United States District Court, W.D. Missouri, St. Joseph Division
May 1, 2015
THERESA WILSON, Plaintiff,
CAROLYN W. COLVIN, Acting Commissioner of Social Security, Defendant.
MATT J. WHITWORTH, Magistrate Judge.
Plaintiff Theresa Wilson seeks judicial review of a final administrative decision denying plaintiff disability benefits under Title II of the Social Security Act, 42 U.S.C. §§ 401 et seq., and Supplemental Security Income benefits under Title XVI of the Social Security Act, 42 U.S.C. §§ 1381 et seq. Section 205(g) of the Act, 42 U.S.C. § 405(g) provides for judicial review of a final decision of the Commissioner of the Social Security Administration under Title II. Section 1631(c)(3) of the Act and 42 U.S.C. § 1383(c)(3) provide for judicial review to the same extent as the Commissioner's final determination under section 205.
The parties' briefs are fully submitted, and an oral argument was held on May 1, 2015. The complete facts and arguments are presented in the parties' briefs and will not be repeated here.
Standard of Review
The Eighth Circuit has set forth the standard for the federal courts' judicial review of denial of benefits, as follows:
Our role on review is to determine whether the Commissioner's findings are supported by substantial evidence on the record as a whole. Substantial evidence is less than a preponderance, but is enough that a reasonable mind would find it adequate to support the Commissioner's conclusion. In determining whether existing evidence is substantial, we consider evidence that detracts from the Commissioner's decision as well as evidence that supports it. As long as substantial evidence in the record supports the Commissioner's decision, we may not reverse it because substantial evidence exists in the record that would have supported a contrary outcome or because we would have decided the case differently.
Baker v. Barnhart, 457 F.3d 882, 892 (8th Cir. 2006).
The claimant has the initial burden of establishing the existence of a disability as defined by 42 U.S.C. § 423(d)(1). See Roth v. Shalala, 45 F.3d 279, 282 (8th Cir. 1995). To meet the statutory definition, "the claimant must show (1) that he has a medically determinable physical or mental impairment which will either last for at least twelve months or result in death, (2) that he is unable to engage in any substantial gainful activity, and (3) that this inability is the result of his impairment." McMillian v. Schweiker, 697 F.2d 215, 220 (8th Cir. 1983).
When reviewing the record to determine if there is substantial evidence to support the administrative decision, the court considers the educational background, work history and present age of the claimant; subjective complaints of pain or other impairments; claimant's description of physical activities and capabilities; the medical opinions given by treating and examining physicians; the corroboration by third parties of claimant's impairments; and the testimony of vocational experts when based upon proper hypothetical questions that fairly set forth the claimant's impairments. McMillian, 697 F.2d at 221.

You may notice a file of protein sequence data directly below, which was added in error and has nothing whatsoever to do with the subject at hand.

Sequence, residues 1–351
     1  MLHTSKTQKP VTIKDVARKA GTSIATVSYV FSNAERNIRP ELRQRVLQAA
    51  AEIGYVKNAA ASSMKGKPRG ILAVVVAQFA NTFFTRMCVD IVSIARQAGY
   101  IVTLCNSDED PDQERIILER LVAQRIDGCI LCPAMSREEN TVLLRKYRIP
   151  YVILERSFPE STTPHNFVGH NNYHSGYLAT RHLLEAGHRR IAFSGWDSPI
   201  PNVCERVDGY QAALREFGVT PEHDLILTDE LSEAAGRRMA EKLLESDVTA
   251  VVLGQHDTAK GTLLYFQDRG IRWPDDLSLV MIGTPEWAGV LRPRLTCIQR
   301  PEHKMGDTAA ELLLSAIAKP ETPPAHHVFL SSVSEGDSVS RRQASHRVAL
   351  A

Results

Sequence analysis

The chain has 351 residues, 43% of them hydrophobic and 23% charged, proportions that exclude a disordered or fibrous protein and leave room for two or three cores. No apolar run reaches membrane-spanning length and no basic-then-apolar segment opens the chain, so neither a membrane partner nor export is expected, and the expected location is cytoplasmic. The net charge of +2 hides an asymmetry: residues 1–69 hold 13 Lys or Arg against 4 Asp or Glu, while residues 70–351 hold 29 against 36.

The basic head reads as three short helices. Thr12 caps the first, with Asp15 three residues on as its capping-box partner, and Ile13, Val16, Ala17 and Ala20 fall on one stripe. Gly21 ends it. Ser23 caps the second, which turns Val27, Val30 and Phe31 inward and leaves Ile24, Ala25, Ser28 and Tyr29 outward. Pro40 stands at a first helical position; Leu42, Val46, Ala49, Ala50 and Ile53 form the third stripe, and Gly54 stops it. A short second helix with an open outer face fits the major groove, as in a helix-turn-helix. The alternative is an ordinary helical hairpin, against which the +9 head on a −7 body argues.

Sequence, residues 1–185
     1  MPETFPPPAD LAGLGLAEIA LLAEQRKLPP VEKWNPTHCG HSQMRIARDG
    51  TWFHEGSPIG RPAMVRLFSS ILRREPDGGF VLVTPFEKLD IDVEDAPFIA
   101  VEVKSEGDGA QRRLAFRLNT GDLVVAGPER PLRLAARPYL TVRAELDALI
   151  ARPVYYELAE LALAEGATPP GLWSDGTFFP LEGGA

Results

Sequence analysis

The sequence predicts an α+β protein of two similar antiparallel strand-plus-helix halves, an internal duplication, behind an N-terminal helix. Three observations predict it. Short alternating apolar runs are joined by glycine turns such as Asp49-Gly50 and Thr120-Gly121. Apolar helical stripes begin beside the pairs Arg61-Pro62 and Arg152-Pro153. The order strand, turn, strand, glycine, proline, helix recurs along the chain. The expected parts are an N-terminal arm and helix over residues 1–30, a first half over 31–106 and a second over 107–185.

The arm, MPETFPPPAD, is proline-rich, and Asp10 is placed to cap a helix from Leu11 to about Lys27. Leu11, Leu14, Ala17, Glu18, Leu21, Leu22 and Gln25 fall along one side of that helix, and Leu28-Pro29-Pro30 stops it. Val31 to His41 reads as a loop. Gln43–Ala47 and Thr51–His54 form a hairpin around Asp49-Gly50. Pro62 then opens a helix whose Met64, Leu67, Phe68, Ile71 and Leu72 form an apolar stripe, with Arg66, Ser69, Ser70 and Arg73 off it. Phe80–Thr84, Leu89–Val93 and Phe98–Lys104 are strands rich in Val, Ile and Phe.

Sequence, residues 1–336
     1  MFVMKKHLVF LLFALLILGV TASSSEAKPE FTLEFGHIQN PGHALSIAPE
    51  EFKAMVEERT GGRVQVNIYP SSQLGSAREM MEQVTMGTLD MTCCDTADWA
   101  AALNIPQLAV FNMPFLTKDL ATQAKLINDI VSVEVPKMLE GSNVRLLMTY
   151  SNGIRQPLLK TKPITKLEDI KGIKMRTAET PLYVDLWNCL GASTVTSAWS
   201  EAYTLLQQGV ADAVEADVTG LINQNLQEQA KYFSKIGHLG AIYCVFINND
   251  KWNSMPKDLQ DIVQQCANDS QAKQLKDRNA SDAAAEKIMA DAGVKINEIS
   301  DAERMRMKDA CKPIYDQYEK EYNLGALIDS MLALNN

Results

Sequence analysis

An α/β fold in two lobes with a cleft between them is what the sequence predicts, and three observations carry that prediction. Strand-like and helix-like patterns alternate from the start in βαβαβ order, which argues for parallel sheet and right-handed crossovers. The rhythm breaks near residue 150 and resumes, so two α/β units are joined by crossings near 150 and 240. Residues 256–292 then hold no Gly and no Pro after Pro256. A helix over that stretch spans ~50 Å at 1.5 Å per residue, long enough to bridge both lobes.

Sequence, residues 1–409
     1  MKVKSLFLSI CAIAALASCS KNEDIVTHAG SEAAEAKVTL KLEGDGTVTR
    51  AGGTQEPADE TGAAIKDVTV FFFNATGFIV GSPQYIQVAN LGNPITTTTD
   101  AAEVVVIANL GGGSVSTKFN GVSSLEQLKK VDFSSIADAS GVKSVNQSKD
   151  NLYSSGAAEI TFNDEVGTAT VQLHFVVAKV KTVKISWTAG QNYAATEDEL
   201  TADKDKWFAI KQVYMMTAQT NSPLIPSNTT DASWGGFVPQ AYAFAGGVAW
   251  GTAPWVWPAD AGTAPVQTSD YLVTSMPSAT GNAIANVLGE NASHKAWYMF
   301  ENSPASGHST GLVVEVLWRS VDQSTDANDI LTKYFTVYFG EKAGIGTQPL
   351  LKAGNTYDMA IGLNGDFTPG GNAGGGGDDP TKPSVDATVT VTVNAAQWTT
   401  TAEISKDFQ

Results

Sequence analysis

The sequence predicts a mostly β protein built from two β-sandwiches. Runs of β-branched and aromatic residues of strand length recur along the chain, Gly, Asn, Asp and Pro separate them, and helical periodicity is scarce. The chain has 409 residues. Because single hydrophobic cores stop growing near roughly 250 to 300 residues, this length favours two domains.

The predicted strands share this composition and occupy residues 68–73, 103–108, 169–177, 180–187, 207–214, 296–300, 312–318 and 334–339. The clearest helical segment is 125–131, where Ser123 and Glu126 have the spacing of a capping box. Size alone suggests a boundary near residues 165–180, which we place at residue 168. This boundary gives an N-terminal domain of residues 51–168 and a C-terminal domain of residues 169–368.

After careful consideration, this Court finds the decision of the Administrative Law Judge (ALJ) decision was not supported by substantial evidence in the record as a whole, but rather that the evidence overwhelmingly supports a finding of disability. See Taylor v. Chater, 118 F.3d 1274, 1279 (8th Cir. 1997) (remand is not necessary where the record overwhelmingly supports a finding of disability). Here, the plaintiff was forty years old at the time of the ALJ's decision, has a high school education, and based her application for disability benefits primarily on fibromyalgia and injuries resulting from three motor vehicle accidents. A finding of disability is strongly supported by the medical opinions of plaintiff's treating physician, Dr. Wurm, which are also consistent with the opinion of another examining physician, Dr. Dodson. The only medical opinion evidence refuting the conclusion that the plaintiff has disabling limitations is the opinion of the non-examining state agency consultant who did not have the opportunity to review over half of the medical record.
Ultimately, the ALJ accorded each of the three medical opinions in the record little weight, however, a review of the record shows that the treating source opinion was consistent with the other substantial evidence of record and was supported by medically acceptable evidence. See Perks v. Astrue, 687 F.3d 1086, 1093-94 (8th Cir. 2012) (a treating physician's opinion regarding a claimant's impairments will be granted substantial weight unless it is unsupported by medically acceptable evidence or it is inconsistent with other substantial evidence in the record). Based on the error by the ALJ in weighing the medical opinions of the record and the evidence set forth in the record as a whole, this Court finds that plaintiff should be determined disabled within the meaning of the Social Security Act.
IT IS ORDERED that the decision of the ALJ is reversed and remanded pursuant to Sentence 4 with directions to compute and award benefits to plaintiff.